It’s wet. By “it” I mean everything. The world, as I know it, is wet.
The air is wet.
The rusty old gate is wet. It will be rustier than ever by tomorrow.
The ankle-deep grass is wet.
The oak trees are wet. Even the patches of relative shelter under the oak canopies are wet, because every now and then a breeze ruffles the leaves and wherever raindrops have gathered into tree-drops among the clustered oak leaves, they spill water in fat wedges.
The little burn that flows slow and dark green-shadowed through dense and untrampled woodland for the entirety of its brief existence is a demented drumskin on which the hissing paradiddle of falling raindrops and tree-drops make merry.
The burn ends at a bend in the river. There, it sees the sky for the first time and sunlight on the right kind of day – but this is not one of these.
A willow tree of 50 summers and five trunks leans out from the far bank towards the burn’s whimpering, whispering arrival. The willow is wet, actually weeping.
It dispenses a constant shower of rainwater from the trailing ends of its down-curving branches.
September has crept up on it and its foliage has begun to thin, which has the effect of speeding up the run-off of rain water in a wide semi-circle. The result is a flimsy curtain of water drops, the frailest waterfall you ever saw.
The mountain is wet. The little I can see of it (about the bottom third) reveals a ribbon of white froth where no water was falling this time last week.
The entire land is agitated with the overwhelming restlessness of water on the move and for the moment I feel like the still centre amid so much wet chaos.
I am wearing head-to-toe waterproofs and wellies, sitting on the riverbank on a small, lightweight, collapsible aluminium and fabric tripod stool.
Half an hour ago, a kingfisher blurred past me going upstream and vanished round the bend in the river.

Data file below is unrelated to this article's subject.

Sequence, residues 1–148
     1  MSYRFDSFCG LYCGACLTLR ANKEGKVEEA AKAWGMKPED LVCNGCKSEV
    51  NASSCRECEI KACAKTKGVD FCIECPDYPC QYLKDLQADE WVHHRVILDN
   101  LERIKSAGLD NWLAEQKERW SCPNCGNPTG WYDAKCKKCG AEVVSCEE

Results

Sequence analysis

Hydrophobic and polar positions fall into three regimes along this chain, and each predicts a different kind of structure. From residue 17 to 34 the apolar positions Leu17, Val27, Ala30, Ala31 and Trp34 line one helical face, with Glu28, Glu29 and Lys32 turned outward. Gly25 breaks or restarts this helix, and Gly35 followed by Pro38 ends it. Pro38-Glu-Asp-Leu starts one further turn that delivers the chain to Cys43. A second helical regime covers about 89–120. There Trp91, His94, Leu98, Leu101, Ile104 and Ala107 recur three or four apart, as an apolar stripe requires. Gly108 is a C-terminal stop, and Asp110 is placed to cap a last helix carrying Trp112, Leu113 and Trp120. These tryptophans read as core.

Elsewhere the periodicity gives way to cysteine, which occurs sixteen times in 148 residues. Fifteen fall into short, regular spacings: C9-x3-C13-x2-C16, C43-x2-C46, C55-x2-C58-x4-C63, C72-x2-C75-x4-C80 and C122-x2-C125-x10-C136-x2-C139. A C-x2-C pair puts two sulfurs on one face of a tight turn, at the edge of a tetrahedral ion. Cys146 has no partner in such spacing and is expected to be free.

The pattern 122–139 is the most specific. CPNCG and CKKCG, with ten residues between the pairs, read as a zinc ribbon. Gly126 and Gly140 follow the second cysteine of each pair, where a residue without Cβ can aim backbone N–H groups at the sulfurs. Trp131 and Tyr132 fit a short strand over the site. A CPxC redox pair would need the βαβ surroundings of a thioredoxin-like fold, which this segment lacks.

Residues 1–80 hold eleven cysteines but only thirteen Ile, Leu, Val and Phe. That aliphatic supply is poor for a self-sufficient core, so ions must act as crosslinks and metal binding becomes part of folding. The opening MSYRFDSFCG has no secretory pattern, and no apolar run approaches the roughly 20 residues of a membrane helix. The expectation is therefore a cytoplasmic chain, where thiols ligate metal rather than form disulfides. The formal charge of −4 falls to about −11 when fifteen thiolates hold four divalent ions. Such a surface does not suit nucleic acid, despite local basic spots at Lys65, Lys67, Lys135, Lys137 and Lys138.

Why am I still here? Because I have been waiting ever since, in the hope that it might come back.
This is one of those situations which is much more fun than it sounds.
I don’t mind being wet. I’m a Scottish nature writer working in Scotland. It rather comes with the territory.
It’s true that I prefer almost any other time of the year to the worn-out fag-end of an old summer and it is stuffily warm and slightly uncomfortable in the waterproofs.
But I like bends in rivers. I sit here often. I like the perpetual anticipation of the unexpected.
The kingfisher could be back at any moment. It took me by surprise the last time because I was looking upstream and it arrived from behind me, so I only saw the back view. I wouldn’t want to miss the moment when it returns.
Over half an hour more, the rain has eased to a smirr, the sky has lightened, the mountain has shrugged off all but a skull cap of rainclouds.
A dipper has followed the identical midstream flight path of the kingfisher, as if it was the racing line at Monza. It hasn’t come back either. A heron rises from behind the willow, sees me, exhales a breathy rasp of disapproval and ducks back down behind the tree.
I have been passing time by trying to draw the willow. It’s not going too well.
I was never taught to draw – willows or anything else – and it shows. I wonder about incorporating the heron into the drawing but I lack the courage – that and the ability to draw herons.
What I’m hoping for is the kingfisher to come back around the bend on the inside line and perch in the lowest branch of the willow.
Then I can include it in the drawing as an impressionistic smudge with a chunky, tapering beak. Even I can manage that.
A lot of the art of nature writing is waiting for something to turn up. You cannot force the pace.
It is my unshakeable belief that there is no substitute for the kind of stillness that permits you to become part of the landscape, so that many of nature’s tribes treat you as if you don’t exist, or better still, as a part of the landscape. Mostly, that’s when nature reveals its secrets.
On the other hand, there are days like this, when the kingfisher doesn’t turn up again and nothing else does either.
So I watch the river. I watch the light grow brighter in two furrows out in midstream, I watch the patterns of water in the shadow of the willow and I lean closer to the land.
Dougie MacLean wrote: “It’s the land, you cannot own the land, the land owns you.”
It takes a day like this to understand utterly what he meant.